III. Acute Stress Disorder (ASD)
For patients who meet the criteria for ASD, clinicians should follow the same guidelines as those recommended for management of PTSD (see Section II. C: Management of Survivors of Trauma).
Many of the symptoms of ASD (see Table 2) overlap with those of PTSD. ASD defines a severe stress response that follows shortly after a traumatic event, whereas PTSD cannot be diagnosed until symptoms have persisted for 30 days or longer. The presence of full or partial ASD is associated with an increased risk of developing PTSD. In various studies, the presence of numbing, depersonalization, a sense of reliving the trauma, motor restlessness, and peri-traumatic dissociation were found to predict progression to PTSD.4 These associations raise the possibility that effective early treatment of trauma symptoms can be a useful strategy in the prevention of PTSD. However, it should be noted that many trauma survivors who develop PTSD do not have initial ASD symptoms, and many individuals with ASD will not develop PTSD.
|Table 2: Diagnostic Criteria for Acute Stress Disorder|
A. The person has been exposed to a traumatic event in which both of the following were present:
- The person experienced, witnessed, or was confronted with an event or events that involved actual or threatened death, serious injury, or a threat to the physical integrity of self or others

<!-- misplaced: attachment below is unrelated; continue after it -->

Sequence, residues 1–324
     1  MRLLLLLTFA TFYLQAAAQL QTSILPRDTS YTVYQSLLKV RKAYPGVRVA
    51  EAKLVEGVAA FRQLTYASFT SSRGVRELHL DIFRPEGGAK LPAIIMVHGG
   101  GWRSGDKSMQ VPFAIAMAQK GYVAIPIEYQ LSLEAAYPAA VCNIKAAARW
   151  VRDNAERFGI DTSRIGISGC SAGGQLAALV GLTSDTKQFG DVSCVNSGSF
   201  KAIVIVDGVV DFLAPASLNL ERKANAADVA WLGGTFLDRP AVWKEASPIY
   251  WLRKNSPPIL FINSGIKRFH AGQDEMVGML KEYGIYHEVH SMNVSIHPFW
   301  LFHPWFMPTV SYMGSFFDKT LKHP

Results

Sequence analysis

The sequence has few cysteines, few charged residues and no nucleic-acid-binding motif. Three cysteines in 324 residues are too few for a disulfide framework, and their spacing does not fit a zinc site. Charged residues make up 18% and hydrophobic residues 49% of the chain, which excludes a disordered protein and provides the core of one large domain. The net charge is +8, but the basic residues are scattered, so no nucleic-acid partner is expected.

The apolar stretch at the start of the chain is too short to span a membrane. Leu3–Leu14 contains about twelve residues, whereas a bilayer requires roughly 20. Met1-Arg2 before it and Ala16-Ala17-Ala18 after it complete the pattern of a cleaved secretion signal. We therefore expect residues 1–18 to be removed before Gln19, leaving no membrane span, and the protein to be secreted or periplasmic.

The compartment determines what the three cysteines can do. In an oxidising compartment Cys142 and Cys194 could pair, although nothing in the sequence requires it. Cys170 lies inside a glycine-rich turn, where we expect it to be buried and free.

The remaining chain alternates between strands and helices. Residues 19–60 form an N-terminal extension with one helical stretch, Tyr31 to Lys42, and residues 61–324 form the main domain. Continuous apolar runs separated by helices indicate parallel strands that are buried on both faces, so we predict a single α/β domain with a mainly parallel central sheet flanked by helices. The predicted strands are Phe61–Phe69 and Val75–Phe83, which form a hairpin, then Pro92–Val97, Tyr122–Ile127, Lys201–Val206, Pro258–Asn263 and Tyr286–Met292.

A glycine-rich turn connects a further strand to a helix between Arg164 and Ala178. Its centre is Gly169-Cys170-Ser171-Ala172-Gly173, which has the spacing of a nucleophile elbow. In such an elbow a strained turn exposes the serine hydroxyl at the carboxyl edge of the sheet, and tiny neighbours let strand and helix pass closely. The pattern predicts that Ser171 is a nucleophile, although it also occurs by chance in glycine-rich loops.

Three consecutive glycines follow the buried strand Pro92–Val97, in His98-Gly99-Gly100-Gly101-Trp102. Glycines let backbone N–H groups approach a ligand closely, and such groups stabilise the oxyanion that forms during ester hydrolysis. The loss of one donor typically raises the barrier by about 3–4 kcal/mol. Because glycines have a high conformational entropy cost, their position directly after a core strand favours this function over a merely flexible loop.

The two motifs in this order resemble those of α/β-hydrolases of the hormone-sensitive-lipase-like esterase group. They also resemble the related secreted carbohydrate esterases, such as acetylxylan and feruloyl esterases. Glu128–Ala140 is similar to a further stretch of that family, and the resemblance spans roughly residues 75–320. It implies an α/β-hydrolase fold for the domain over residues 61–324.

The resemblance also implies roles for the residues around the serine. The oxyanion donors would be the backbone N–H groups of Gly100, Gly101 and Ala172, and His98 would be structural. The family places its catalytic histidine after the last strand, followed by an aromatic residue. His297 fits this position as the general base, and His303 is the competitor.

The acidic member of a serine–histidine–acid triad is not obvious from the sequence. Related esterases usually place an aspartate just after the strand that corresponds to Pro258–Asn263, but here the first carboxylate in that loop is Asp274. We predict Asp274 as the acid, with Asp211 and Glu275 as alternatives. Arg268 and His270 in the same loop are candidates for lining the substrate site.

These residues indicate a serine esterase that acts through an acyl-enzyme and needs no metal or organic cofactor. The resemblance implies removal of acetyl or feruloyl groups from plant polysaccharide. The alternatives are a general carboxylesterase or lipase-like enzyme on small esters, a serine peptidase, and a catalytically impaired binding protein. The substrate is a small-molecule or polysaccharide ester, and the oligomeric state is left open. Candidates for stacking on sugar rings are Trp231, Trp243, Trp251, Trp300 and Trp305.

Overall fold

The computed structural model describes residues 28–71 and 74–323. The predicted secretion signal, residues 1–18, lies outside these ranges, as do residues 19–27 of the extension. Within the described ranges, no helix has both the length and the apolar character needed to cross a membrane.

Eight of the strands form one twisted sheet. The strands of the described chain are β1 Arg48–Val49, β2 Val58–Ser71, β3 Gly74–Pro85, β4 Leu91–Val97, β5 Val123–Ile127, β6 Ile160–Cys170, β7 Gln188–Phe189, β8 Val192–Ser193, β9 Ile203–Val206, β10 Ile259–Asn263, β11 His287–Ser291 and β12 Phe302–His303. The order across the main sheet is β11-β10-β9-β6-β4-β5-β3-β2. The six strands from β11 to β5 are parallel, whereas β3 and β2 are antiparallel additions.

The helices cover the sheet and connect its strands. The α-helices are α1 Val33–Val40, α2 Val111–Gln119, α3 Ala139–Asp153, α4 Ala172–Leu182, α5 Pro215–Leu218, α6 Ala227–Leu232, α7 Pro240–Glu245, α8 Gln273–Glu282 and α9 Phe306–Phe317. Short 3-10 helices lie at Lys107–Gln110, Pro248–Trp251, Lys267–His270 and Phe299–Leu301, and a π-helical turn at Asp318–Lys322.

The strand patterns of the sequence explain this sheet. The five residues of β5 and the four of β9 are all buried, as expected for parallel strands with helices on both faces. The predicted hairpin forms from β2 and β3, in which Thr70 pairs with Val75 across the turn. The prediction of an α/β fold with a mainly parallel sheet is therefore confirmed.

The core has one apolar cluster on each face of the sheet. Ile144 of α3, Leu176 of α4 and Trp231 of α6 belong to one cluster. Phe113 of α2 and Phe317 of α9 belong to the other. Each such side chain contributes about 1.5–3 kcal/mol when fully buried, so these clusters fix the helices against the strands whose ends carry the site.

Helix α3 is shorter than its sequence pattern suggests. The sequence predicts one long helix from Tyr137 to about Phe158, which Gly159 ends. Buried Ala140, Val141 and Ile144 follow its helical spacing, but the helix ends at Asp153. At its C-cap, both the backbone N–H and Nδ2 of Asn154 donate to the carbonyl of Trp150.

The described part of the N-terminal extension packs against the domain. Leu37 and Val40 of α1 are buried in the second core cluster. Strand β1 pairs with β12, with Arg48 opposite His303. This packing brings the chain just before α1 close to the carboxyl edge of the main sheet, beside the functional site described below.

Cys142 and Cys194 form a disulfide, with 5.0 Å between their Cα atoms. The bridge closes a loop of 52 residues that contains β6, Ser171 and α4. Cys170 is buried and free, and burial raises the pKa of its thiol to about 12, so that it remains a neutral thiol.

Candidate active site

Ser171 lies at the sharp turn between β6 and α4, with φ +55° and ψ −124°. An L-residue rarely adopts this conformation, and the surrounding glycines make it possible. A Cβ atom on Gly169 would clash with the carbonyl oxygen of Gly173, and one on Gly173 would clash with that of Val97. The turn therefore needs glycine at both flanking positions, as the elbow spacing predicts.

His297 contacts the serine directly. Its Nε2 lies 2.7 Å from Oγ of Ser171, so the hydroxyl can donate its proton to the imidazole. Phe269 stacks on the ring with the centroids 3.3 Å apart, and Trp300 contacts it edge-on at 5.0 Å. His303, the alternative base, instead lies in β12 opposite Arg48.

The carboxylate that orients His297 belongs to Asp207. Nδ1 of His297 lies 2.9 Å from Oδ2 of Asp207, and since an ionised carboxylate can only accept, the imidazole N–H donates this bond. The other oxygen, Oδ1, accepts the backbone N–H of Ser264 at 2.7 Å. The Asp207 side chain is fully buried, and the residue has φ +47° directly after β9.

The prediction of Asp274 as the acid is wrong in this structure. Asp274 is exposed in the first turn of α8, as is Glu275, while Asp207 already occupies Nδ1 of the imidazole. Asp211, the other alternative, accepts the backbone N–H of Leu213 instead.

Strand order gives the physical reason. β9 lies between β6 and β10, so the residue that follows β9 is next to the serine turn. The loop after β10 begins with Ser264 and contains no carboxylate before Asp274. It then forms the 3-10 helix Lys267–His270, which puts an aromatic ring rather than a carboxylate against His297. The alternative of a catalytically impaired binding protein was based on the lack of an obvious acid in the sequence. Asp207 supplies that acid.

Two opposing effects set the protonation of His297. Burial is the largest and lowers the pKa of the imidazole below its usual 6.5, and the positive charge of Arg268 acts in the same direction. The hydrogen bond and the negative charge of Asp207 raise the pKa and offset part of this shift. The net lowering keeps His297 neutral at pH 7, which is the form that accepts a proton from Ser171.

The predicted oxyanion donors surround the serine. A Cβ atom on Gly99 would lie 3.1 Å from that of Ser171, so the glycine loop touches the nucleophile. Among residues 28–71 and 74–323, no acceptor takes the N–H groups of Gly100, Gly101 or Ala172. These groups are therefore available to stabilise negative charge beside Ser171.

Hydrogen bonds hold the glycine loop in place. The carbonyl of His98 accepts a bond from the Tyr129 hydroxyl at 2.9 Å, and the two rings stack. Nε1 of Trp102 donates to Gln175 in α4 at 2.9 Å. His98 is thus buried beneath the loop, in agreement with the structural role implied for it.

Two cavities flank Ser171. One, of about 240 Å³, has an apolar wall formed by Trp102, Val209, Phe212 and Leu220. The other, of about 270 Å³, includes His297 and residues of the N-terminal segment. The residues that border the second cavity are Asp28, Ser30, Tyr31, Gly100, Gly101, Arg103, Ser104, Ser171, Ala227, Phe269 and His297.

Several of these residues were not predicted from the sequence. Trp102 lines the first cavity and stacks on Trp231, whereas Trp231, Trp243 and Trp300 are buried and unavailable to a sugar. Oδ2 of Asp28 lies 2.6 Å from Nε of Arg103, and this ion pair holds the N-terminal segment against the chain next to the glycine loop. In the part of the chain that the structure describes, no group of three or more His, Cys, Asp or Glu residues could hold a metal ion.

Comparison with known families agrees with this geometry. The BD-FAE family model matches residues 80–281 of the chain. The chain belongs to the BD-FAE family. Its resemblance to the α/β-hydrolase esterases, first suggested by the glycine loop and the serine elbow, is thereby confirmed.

- The person's response involved intense fear, helplessness, or horror
B. Either while experiencing or after experiencing the distressing event, the individual has three (or more) of the following dissociative symptoms:
- A subjective sense of numbing, detachment, or absence of emotional responsiveness
- A reduction in awareness of his/her surroundings (e.g., "being in a daze")
- Dissociative amnesia (i.e., inability to recall an important aspect of the trauma)
C. The traumatic event is persistently re-experienced in at least one of the following ways:
Recurrent images, thoughts, dreams, illusions, flashback episodes, or a sense of reliving the experience; or distress on exposure to reminders of the traumatic event
D. Marked avoidance of stimuli that arouse recollections of the trauma (e.g., thoughts, feelings, conversations, activities, places, people)
E. Marked symptoms of anxiety or increased arousal (e.g., difficulty sleeping, irritability, poor concentration, hypervigilance, exaggerated startle response, motor restlessness)
F. The disturbance causes clinically significant distress or impairment in social, occupational, or other important areas of functioning or impairs the individual's ability to pursue some necessary task, such as obtaining necessary assistance or mobilizing personal resources by telling family members about the traumatic experience
G. The disturbance lasts for a minimum of 2 days and a maximum of 4 weeks and occurs within 4 weeks of the traumatic event
H. The disturbance is not due to the direct physiological effects of a substance (e.g., a drug of abuse, a medication) or a general medical condition, is not better accounted for by brief psychotic disorder, and is not merely an exacerbation of a preexisting Axis I or Axis II disorder.
Reprinted with permission from the Diagnostic and Statistical Manual of Mental Disorders, Text Revision, Copyright 2000. American Psychiatric Association.
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